With declining bird populations across the U.S. and Canada, the Bird Protection Fund takes action on Wisconsin bird conservation
The flutelike song of a wood thrush at dawn, a glimpse of the striking black and orange Baltimore oriole darting through the treetops, the haunting call of a whip-poor-will on a warm summer night . . .
These iconic Wisconsin scenes are in danger of becoming a thing of the past, according to a report recently published by the journal Science. The study found the number of birds in the United States and Canada has declined by nearly 30 percent in the last 50 years, a loss of roughly three billion birds.
“The same staggering decline in bird populations is being echoed here in Wisconsin,” says Ryan Brady, conservation biologist from the Wisconsin Department of Natural Resources. “We’re especially seeing a loss of grassland birds like meadowlarks and bobolinks, backyard favorites like Baltimore orioles and evening grosbeaks, insect-eating birds like nighthawks and swallows, as well as some shorebirds.”
Along with habitat loss, threats like outdoor cats, collisions with windows, cars, or power lines, pesticides, invasive species and climate change are all contributing to this unprecedented decline of bird populations.
This is where the Bird Protection Fund steps in – a collaboration between the Natural Resources Foundation of Wisconsin, Wisconsin Bird Conservation Initiative, and the Wisconsin Department of Natural Resources.
Since the fund was created in 2009 it has given out over $1 million towards bird conservation efforts. Projects range from habitat recovery to research.
On the list for 2020 include help for endangered birds like the piping plover and whooping crane, and research that will identify “safe havens” for migratory birds on their on their journeys to Central and South America.
In total, the Bird Protection Fund will grant over $60,000 to fund the following projects in 2020:
• American Bird Conservancy: Establish a permanent endowment that will sustain funding for Kirtland’s warbler populations in Wisconsin. The Kirtland’s warbler was delisted from the Endangered Species Act this year but will require ongoing funding for conservation management from state and local partners, due to the species’ specific habitat needs.
• Bird City Wisconsin: Support for the Bird City Wisconsin program, which engages communities in bird conservation by providing recognition to municipalities that protect and manage green space, educate their citizens, landscape with native plants, reduce threats from collisions and cats, and take other actions to make urban areas friendlier places for birds and people.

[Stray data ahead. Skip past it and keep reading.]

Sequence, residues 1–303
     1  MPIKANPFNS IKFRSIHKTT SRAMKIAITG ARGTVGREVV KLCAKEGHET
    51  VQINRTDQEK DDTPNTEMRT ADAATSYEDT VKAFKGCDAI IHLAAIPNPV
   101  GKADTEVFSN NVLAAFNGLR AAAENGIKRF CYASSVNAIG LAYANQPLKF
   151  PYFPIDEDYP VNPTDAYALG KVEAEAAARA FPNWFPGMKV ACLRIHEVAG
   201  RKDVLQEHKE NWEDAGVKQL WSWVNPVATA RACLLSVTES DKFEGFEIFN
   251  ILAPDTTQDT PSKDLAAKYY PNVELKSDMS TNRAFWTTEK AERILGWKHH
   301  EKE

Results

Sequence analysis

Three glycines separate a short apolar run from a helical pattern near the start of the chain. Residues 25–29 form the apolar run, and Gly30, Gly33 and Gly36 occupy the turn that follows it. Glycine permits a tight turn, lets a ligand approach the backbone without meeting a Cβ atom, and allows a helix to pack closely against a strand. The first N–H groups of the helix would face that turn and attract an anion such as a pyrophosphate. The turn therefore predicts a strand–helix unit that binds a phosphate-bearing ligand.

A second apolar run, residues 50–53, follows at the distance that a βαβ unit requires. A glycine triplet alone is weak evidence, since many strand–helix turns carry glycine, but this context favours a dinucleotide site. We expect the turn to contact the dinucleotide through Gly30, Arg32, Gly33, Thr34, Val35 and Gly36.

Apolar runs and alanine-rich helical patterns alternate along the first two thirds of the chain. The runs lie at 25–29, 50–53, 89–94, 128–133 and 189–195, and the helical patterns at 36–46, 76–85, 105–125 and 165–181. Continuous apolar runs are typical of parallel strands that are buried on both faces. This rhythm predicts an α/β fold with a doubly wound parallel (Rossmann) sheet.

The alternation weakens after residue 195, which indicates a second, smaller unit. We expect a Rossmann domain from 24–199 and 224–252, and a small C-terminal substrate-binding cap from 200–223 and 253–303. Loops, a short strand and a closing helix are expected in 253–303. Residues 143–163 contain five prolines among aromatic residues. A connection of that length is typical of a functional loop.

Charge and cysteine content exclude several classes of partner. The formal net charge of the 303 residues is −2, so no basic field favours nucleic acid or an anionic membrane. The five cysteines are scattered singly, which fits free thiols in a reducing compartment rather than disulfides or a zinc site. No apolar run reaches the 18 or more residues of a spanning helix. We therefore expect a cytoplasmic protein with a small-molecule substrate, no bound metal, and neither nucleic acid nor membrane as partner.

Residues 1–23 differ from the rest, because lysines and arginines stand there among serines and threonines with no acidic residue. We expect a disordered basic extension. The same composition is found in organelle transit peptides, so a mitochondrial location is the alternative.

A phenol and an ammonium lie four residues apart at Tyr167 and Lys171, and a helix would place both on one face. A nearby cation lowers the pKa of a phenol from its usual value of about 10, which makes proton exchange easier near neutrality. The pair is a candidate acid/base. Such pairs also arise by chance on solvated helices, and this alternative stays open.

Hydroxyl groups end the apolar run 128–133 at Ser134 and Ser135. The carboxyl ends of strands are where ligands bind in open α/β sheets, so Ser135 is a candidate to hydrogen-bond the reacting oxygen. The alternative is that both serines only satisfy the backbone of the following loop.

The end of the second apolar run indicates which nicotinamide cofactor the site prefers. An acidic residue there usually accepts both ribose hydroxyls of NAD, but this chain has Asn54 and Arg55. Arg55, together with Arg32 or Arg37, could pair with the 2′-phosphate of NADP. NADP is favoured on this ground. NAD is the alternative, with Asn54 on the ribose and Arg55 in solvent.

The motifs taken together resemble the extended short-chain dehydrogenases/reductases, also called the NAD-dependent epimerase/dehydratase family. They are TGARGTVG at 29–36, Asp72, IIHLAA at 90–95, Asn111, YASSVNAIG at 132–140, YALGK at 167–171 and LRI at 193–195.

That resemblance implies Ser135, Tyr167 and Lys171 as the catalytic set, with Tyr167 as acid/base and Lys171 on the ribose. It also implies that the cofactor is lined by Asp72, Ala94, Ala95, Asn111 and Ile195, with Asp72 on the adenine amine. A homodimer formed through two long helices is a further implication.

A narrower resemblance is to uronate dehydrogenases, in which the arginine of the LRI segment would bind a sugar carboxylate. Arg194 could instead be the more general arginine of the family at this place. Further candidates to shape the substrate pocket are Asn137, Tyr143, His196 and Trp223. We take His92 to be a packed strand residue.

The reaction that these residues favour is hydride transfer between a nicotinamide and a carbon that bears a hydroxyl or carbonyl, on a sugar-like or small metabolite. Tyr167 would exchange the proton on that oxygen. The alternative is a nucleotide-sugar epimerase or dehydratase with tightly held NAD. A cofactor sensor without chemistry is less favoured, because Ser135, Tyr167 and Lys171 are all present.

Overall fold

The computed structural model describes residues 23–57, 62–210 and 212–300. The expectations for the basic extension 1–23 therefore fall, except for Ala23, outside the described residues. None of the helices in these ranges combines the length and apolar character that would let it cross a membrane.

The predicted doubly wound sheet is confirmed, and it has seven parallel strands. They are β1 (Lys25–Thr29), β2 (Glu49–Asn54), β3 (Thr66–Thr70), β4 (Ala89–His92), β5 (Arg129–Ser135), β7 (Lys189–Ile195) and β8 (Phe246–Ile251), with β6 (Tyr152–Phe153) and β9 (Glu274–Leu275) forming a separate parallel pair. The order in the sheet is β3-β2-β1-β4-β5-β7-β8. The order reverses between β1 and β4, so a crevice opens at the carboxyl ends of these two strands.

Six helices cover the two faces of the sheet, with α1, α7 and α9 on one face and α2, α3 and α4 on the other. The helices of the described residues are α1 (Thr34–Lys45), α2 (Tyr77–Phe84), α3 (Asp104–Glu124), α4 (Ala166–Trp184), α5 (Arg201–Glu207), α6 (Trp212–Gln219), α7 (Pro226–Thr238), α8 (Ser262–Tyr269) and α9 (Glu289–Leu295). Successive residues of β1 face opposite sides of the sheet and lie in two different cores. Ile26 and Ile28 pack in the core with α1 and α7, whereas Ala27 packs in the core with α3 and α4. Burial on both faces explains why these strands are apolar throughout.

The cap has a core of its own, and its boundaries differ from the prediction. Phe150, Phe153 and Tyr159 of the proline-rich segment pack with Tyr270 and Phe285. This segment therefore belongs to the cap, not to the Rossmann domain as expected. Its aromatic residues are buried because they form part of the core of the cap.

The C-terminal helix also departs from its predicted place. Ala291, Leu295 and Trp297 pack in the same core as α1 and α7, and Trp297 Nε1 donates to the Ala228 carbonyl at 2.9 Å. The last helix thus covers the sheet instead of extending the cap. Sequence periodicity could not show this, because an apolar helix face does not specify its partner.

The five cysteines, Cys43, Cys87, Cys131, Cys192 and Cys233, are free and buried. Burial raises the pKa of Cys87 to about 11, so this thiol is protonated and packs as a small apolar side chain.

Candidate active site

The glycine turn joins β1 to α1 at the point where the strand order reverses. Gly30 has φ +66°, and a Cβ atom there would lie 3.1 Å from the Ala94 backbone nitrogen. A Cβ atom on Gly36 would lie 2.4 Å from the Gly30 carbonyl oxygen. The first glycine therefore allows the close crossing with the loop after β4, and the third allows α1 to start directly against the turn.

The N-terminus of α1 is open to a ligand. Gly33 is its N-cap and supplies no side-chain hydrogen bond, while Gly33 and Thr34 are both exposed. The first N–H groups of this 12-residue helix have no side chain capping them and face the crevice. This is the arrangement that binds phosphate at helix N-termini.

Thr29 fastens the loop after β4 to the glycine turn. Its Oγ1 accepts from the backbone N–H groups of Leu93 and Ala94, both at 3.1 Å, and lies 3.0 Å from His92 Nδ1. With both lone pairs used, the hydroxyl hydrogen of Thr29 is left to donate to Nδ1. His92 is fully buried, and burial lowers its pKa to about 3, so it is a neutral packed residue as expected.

• Cornell Laboratory of Ornithology: Support the Neotropical Flyways Project, a joint research project with Cornell Lab of Ornithology and on-the-ground conservation partners in Central and South America, to understand stopover habitat needs for migratory birds.
• International Crane Foundation: Support ICF’s efforts to recover the eastern population of federally endangered whooping cranes, including their captive breeding and rearing, specialized veterinary care, and research and monitoring efforts.
• Western Great Lakes Bird and Bat Observatory: Support the Observatory’s Lake Michigan waterbird and waterfowl research programs that help inform local and regional conservation efforts.
• Wisconsin Bird Conservation Initiative: Provide funding to hire an Important Bird Areas Assessment Specialist, who will develop a process for assessing and prioritizing Wisconsin Important Bird Areas to inform conservation efforts.
• Wisconsin Department of Natural Resources: Support on-the-ground conservation, research and monitoring activities for state endangered species including the Kirtland’s warbler and piping plover.
• Wisconsin Society for Ornithology: Provide financial support for the Wisconsin Breeding Bird Atlas II, as this significant citizen science project phases from data collection to analysis and publication.
Brady is optimistic about the impact of these, and other bird conservation efforts.
“We know that bird conservation works when we’re intentional and invest resources in it. Take the trumpeter swan, for example. Twenty years ago, Wisconsin only had about 75 individuals. We launched a recovery plan in 1986, and now they are off the endangered species list and their population has grown to over 5,000 individuals.”
He urges Wisconsinites to take action at home to help birds, like keeping cats indoors, creating backyard habitat with native plants, avoiding pesticides, removing invasive species, and eliminating collisions of birds with windows by using deterrents that reduce the reflectivity of glass.
“Roughly one in three Wisconsinites consider themselves bird watchers, which is great. We should all do things at a local level to care for the birds we love,” says Brady. “And we can take it a step further by advocating for birds in our communities and donating to causes that are critical to reversing population declines in birds, like the Bird Protection Fund.”
The Bird Protection Fund is mainly funded through the Great Wisconsin Birdathon, one of the largest walk-a-thon style birding fundraisers in the country, coordinated by the Natural Resources Foundation of Wisconsin.
The Natural Resources Foundation of Wisconsin is a nonprofit 501(c)3 created in 1986. In the years since, the Foundation has contributed nearly $7 million to conservation efforts to protect the lands, waters, and wildlife of Wisconsin and to support environmental education in our state. Learn more at www.WisConservation.org.
The Great Wisconsin Birdathon began in 2012 and since then has raised more than $500,000 for bird protection in Wisconsin. The funds are collected and managed by the Natural Resources Foundation of Wisconsin through the Bird Protection Fund. Learn more at www.wibirdathon.com.